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Oct. 18, 2017, 8:30 a.m.
Business Models

Matter’s first post-election class: a focus on inclusion, activism, and even security

In the Trump era, Matter says its mission to build a “more informed, empathetic, and inclusive society” is more vital than ever.

When Matter managing director Corey Ford helped launch the accelerator in 2012, things were already looking bleak for media companies, which were struggling both culturally and economically in the the era of the web. And then Donald Trump became president, and, in his repeated attacks on media institutions, made things feel even worse.

In the wake of Trump’s election, “I was terrified,” Ford said at Matter’s New York City Demo Day on Tuesday. “And that had nothing to do with Republicans and Democrats. It felt like there was an assault on basic human decency as well as a threat to some of the core democratic values that make us who were are.”

Matter, which runs participants through a grueling 20-week crash course in media-focused entrepreneurship, has codified some values of its own. Ford said during Tuesday’s event that the firm’s mission is to support “a more informed, empathetic and informed society” by funding ventures that tackle, in various ways, some of society’s big problems. One of the latest round of projects, CivNet, for example, wants to build a platform from real-word activism, while Grafiti is trying to fight fake info by building tools to make charts and data easier to produce and share.

These ventures, and the 10 others that joined them, are a product of a “culture of experimentation” that Matter has built over the past five years. I spoke to Ford about the importance of that kind of culture in media today, how Matter has blended the values of public media with the mindset of entrepreneurship, and why all of this is sorely needed after last year’s election.

Ricardo Bilton: So how do you think things went?

Corey Ford: We work so hard to find these entrepreneurs, and then continued to work with them so hard for the last 20 weeks, and I thought they just shined. It was really a reflection of our new, refined focus and mission at a time where it was needed most. Everything came together on stage in a polished form that I think united everyone else in the room.

Bilton: You said during your intro that your mission has a renewed urgency lately, in the era of the Trump presidency. What did you mean by that? Where do you fit in?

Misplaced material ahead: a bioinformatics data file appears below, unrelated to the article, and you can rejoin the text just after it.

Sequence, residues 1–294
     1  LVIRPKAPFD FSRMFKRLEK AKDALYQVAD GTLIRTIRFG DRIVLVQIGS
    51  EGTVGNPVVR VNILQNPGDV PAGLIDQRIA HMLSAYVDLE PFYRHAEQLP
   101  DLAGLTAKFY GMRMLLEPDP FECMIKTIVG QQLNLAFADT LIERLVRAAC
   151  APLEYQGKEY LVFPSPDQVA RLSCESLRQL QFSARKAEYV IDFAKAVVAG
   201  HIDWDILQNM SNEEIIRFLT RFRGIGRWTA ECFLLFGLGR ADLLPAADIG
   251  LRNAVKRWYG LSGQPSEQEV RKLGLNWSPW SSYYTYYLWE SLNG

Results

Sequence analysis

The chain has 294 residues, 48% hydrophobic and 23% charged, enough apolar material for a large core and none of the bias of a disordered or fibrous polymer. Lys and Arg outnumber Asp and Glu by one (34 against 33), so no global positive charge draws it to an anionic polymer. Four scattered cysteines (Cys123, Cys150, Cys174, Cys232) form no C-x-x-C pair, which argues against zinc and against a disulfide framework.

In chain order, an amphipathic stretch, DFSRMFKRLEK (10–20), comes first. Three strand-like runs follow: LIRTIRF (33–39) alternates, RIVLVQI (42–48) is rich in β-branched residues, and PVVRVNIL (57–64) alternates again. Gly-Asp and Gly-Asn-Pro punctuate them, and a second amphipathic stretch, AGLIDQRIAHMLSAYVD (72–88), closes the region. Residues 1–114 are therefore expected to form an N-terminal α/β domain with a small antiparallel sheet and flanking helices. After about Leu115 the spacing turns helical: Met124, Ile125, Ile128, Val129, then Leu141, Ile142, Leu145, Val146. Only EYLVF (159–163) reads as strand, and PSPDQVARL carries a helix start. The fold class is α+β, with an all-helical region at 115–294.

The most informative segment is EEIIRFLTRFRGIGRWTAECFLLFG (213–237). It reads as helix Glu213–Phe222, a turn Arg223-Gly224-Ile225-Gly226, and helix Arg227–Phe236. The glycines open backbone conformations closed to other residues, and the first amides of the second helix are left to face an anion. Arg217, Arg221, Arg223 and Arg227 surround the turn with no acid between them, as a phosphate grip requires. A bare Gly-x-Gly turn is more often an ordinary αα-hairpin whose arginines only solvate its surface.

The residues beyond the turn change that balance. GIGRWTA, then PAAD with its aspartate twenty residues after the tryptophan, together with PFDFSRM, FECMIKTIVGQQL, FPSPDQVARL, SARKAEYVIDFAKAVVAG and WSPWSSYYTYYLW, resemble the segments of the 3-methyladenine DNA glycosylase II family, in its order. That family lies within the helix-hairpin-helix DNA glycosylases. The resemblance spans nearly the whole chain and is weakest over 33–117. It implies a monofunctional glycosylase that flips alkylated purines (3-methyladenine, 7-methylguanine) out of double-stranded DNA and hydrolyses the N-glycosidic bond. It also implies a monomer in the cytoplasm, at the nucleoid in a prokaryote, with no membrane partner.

Ford: I saw a lot of the challenges facing media coming a long time ago when I decided to found Matter. The business models of media were completely under disruption, the cultures within traditional media institutions were pretty staid and really lacked the culture to experiment. So I wanted to create a place where those experiments could happen.

But I never could have predicted that things in the world would take such a dire turn in terms of the cultural attacks on media, and the attacks by the president of the United States on the media. Media is stepping up in this moment, and I think we’re all realizing how important both media institutions and entrepreneurs within the media are. And I think we at Matter have found ourselves in a place where we’re filling a really important need at a time where it’s needed most.

Bilton: Matter says that the goal is to build a more empathetic and inclusive society. How do these ventures reflect those themes and capture this moment that you’re talking about?

Ford: I think all of them do in their own particular way. The Establishment, for example, reflects it in terms of being a new media company that’s actually creating content. They’ve figured out a way to design a media organization from scratch that treats its writers with respect and therefore attracts voices that haven’t been heard, and has more traction than BuzzFeed had when it started. That’s so of the moment right now.

If you asked me a year ago if I would be investing in Rewire, a start up that is making secure email, I would have said, “No, that’s not in our scope.” But it’s so clear today with the attacks on journalists that are happening that that kind of thing is really important. So what I think we discovered is that over these last five years we’ve built a really strong brand, and, even more importantly, a really strong community, and we really stand for something in this critical movement.

I don’t think anyone else could have invested in a company like Rewire. They wouldn’t have taken their money; they wouldn’t have trusted them. And we’ve created an opportunity for folks to come and build things that aren’t being built in other places.

Bilton: You mentioned in your presentation that Matter saw a 52.9 percent increase in applications this year. Have you seen any big changes in terms of the kinds of ventures that people are thinking about and pitching?

Ford: We got fewer “me too” media companies and more human-centered companies that are solving real problems at a time when they’re needed most. I don’t think I can say it any other way.

Bilton: Which of the projects do you think have the greatest implications for journalists and media companies?

Ford: Rewire, for sure. Without changing any of your behavior, you can go from “I’m insecure and therefore someone people might not want to talk to” to “I’m secure and therefore more trusted.” With Rewire, that’s instantaneous.

You also have projects that are a bit more “out there” like DADA, which is about building creative communities and actually helping them monetize that with blockchain underneath. Why did we take a company like that, that isn’t super focused on journalism? Well, they’re experimenting with blockchain and ownership and new models of monetization of particular types of content. So what we learn there could end up applying to journalism as well. It’s a very wide range.

POSTED     Oct. 18, 2017, 8:30 a.m.
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